Giacopo Belgrado

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Theoria cochleae Archimedis, 1767

Giacopo Belgrado, (November 16, 1704 in Udine – March 26, 1789 in Udine) Italian Jesuit and natural philosopher.[1]

Giacopo belonged to a noble family and received his education at Padua. He entered the novitiate of the Society of Jesus 16 October 1723, and showed marked talent, studying mathematics and philosophy at Bologna, under Father Luigi Marchenti, a former pupil of Pierre Varignon at Paris. After completing his philosophical studies he taught letters for several years at Venice.

He studied theology at Parma and then became professor of mathematics and physics at the university, holding this position for twelve years. While at Parma he did much experimental work in physics with apparatus specially constructed by two of his assistants. After pronouncing his solemn vows on 2 February 1742, Belgrado was summoned to the court, where he was appointed confessor, first to the Duchess, and later to the Duke Don Philippo, The title of mathematician of the court was also bestowed on him. He 1757 he erected an observatory on one of the towers of the college of Parma and furnished it with the necessary instruments. In 1773, he became rector of the college at Bologna. He was a member of most of the academies of Italy and a corresponding member of the French Academy of Sciences. He was likewise one of the founders of the Arcadian colony of Parma.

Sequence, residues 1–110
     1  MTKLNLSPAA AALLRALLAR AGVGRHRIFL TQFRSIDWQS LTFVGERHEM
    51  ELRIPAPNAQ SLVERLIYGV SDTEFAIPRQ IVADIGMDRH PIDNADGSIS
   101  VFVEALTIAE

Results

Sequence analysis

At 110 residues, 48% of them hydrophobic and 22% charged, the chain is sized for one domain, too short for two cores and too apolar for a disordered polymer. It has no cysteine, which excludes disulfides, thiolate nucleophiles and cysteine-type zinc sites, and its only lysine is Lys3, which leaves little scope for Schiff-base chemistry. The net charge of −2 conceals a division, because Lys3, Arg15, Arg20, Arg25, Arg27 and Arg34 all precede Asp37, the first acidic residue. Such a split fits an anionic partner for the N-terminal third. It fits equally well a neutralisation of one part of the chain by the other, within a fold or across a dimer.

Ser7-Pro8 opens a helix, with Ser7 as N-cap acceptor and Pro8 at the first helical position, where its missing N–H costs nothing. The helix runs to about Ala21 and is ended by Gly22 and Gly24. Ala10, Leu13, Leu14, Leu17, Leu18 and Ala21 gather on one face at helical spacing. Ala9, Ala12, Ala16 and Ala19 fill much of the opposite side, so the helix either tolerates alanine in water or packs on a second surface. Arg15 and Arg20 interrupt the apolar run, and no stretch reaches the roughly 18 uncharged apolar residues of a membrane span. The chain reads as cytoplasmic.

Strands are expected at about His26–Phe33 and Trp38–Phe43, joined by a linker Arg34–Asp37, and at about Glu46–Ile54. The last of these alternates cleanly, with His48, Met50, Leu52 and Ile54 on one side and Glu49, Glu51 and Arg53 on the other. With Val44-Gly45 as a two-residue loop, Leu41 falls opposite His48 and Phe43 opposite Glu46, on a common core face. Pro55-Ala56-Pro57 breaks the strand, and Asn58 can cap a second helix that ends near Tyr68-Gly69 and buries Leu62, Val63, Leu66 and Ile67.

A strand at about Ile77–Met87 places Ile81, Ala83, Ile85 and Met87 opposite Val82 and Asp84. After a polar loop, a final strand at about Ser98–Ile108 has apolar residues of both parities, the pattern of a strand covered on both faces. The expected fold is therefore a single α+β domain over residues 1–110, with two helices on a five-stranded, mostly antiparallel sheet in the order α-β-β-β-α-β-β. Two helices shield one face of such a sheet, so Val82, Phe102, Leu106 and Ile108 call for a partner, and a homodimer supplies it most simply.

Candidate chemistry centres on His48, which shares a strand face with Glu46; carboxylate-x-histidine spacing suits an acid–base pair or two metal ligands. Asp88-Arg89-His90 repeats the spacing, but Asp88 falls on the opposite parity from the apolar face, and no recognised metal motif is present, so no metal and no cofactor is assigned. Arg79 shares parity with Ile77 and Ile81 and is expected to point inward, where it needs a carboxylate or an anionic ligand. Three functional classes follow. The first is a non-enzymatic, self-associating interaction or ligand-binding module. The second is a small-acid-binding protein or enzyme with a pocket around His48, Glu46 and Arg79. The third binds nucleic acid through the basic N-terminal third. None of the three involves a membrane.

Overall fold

See also[edit]

Main works[edit]

He wrote on a variety of subjects, among his works being

  • I Fenomeni Elettrici (1749);
  • Della riflessione de' corpi dall' acqua e della diminuzione della mole de' sassi ne torrebti e ne' fiumi (1755);
  • De analyseos vulgaris usu in re physica (1761–62);
  • Delle sensazioni del freddo e del calore (1764);
  • Theoria Cochleae Archimedis (1767);
  • Dell' esistenza di Dio da' teoremi geometrici (1777)

References[edit]

  1. ^ Giacopo Belgrado - Catholic Encyclopedia article

 This article incorporates text from a publication now in the public domainHerbermann, Charles, ed. (1913). "article name needed". Catholic Encyclopedia. New York: Robert Appleton.